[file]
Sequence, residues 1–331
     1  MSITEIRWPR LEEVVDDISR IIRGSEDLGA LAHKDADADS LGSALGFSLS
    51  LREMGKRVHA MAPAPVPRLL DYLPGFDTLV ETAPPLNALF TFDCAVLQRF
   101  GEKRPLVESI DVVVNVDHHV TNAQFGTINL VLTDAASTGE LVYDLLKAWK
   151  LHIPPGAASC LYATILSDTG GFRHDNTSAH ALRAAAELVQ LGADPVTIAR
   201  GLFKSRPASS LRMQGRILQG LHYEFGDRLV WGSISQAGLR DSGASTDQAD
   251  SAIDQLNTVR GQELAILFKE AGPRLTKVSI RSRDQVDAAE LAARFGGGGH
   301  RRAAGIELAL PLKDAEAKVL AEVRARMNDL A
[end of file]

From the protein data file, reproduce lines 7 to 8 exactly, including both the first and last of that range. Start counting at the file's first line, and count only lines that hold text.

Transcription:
   251  SAIDQLNTVR GQELAILFKE AGPRLTKVSI RSRDQVDAAE LAARFGGGGH
   301  RRAAGIELAL PLKDAEAKVL AEVRARMNDL A